Responses of Tswana goats to various lengths of water deprivation
AbstractThe aim of this trial was to determine the water intake of Tswana goats and investigate the effects of short term water deprivation in summer or winter (6000 ml water offered either once every 72 h, 48 h, 24 h or ad libitum) on feed intake, dry matter digestibility, growth rate and health. Goats were fed a diet comprising 60% Cenchrus ciliaris hay and 40% Medicago sativa hay. Feed intake per kg metabolic weight was inversely related to water intake. Body weight gains decreased with longer watering intervals, rectal temperatures were unaffected but respiratory rate, packed cell volume, pulse rate, haemoglogin level and mean corpuscular haemoglobin concentration was highest with the 72 h watering interval. Feed intake and daily weight gains were higher in winter than summer, but animals drank more water in summer than in winter, and showed more signs of dehydration in summer. Dry matter digestibilities (%) were 66.8, 66.7, 64.2 and 65.2 for water intake intervals of ad lib, 24 h, 48 h and 72 h respectively; digestibilities of organic matter, crude protein and crude fibre followed the same trend. Urine output, faecal output per kg metabolic weight and faecal moisture content decreased with increased length of water deprivation. It was concluded that Tswana goats are well adapted to semi-arid zones and can be watered once in 72 h without severe dehydration.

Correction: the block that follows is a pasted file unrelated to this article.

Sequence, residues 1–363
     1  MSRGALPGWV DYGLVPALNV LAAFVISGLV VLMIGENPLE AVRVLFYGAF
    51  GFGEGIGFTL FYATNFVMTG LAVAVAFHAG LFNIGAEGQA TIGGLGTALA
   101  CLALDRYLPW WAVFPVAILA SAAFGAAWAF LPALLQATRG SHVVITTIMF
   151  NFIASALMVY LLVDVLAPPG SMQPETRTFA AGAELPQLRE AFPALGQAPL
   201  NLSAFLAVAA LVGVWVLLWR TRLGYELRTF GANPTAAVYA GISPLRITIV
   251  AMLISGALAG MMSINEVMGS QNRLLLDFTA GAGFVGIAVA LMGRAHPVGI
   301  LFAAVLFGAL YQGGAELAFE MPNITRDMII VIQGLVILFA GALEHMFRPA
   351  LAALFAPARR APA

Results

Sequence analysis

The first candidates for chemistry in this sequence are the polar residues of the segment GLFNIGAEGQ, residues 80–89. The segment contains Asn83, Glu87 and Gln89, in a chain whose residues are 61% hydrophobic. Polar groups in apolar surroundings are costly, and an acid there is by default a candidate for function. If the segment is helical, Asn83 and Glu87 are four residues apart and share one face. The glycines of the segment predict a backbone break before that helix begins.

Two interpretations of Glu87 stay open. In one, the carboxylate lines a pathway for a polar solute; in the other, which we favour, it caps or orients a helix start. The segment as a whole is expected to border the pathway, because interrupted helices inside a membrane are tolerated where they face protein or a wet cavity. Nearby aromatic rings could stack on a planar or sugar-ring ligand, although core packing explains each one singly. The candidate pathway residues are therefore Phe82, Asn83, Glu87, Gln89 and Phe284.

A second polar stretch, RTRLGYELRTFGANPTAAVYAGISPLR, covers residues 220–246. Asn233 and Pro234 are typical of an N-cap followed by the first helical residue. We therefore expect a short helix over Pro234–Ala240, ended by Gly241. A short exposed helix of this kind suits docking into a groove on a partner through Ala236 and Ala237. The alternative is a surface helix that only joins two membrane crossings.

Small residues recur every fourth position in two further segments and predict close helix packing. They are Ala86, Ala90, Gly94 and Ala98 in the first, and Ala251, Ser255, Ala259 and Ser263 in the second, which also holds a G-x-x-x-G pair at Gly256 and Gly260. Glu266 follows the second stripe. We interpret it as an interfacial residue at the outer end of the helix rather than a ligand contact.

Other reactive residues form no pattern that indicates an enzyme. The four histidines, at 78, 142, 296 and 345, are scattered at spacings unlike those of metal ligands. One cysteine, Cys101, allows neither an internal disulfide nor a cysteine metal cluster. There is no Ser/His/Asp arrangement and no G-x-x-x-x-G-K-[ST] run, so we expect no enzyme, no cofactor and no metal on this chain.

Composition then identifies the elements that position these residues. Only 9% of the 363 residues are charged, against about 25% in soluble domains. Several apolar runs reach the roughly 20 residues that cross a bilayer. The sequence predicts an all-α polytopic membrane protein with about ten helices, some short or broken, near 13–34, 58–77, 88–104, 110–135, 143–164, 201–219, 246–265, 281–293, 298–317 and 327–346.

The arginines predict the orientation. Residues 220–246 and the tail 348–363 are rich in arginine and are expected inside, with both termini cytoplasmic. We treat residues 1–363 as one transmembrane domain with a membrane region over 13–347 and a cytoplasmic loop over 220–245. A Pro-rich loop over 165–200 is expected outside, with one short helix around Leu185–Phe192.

(South African Journal of Animal Science: 2000, 30(1): 87-91)